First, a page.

French possessive adjectives are going to follow similar rules than articles because both are affected by gender and number. Getting them right is therefore going to depend on knowing if the noun accompanying them is feminine, masculine or plural.
‘My’ is translated by ‘mon’ if the following word is masculine (m),by ‘ma’ if the following word is feminine (f), by ‘mes’ if the following word is plural (pl).
‘Your’ is translated by ‘ton’ if the following word is masculine (m), by ‘ta’ if the following word is feminine (f), by ‘tes’ if the following word is plural (pl).
mon sac (m) noir – my black bag
ma montre (f) en or – my gold watch
mes lunettes (pl) de soleil – my sunglasses
ton sac (m) noir – your black bag
ta montre (f) en or – your gold watch
tes lunettes (pl) de soleil – your sunglasses
The translation for ‘his’ is going to follow the same pattern as for ‘my’ and ‘your’, i.e. it is going to be dependent on gender or number. The only confusing issue for the English learner is that the French does not indicate if the person possessing the object is a woman or a man, i.e. there is no difference between ‘his’ and ‘her’. The possessive adjective agrees with the noun that follows not the person that owns it.
son sac (m) noir – his / her black bag
sa montre (f) en or – his / her gold watch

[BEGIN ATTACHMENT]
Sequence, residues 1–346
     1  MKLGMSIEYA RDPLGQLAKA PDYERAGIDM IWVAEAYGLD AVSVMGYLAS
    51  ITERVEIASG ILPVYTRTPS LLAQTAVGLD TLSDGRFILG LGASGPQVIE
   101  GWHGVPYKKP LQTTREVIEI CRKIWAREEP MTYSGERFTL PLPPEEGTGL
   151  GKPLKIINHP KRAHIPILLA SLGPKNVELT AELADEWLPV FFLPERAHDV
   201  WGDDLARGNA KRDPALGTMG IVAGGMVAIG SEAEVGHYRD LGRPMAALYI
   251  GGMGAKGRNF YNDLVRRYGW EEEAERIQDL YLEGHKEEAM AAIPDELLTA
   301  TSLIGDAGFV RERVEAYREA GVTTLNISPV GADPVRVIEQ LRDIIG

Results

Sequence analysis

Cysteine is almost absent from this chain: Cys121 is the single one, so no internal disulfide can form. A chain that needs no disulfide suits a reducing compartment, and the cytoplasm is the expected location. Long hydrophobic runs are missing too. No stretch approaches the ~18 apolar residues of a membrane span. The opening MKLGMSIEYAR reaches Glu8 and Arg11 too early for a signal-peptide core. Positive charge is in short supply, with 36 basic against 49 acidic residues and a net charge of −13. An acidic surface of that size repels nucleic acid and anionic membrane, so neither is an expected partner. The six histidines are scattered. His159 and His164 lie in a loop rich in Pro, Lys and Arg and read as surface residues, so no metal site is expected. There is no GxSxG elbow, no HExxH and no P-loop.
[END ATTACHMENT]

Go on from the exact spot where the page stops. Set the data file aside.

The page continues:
ses lunettes (pl) de solei – lhis / her sunglasses
Note. Only the context can give you a clue about the owner of the object or person.
Elle est venue avec son mari et sa fille – She came with her husband and her daughter.
Il n’a pas beaucoup de chance. Sa voiture est en panne. Son pneu est crevé – He’s not very lucky. His car has broken down. His tyre is flat.
Another difference with English is the fact that ‘your’ has 2 other forms corresponding to the singular (sing) formal speech and the plural (pl) but is not affected by gender. ‘Our’ is translated exactly in the same way.
Est-ce que votre fille s’entend bien avec votre fils? – Does your daughter get on with your son?
Est-ce que vos enfants aiment votre chien? – Do your children (pl) like your dog (sing)?
Notre maison (sing)est assez grande pour tous nos invités (pl) – Our house is big enough for all our guests.
In French, ‘their’ is affected by plural but not gender. In the singular form it is translated by ‘leur’ and by ‘leurs’ in the plural.
Leur grand-mère (sing) est décédée hier soir – Their grand-mother has died last night.
Leurs parents (pl) étaient très attristés – Their parents were very sadened.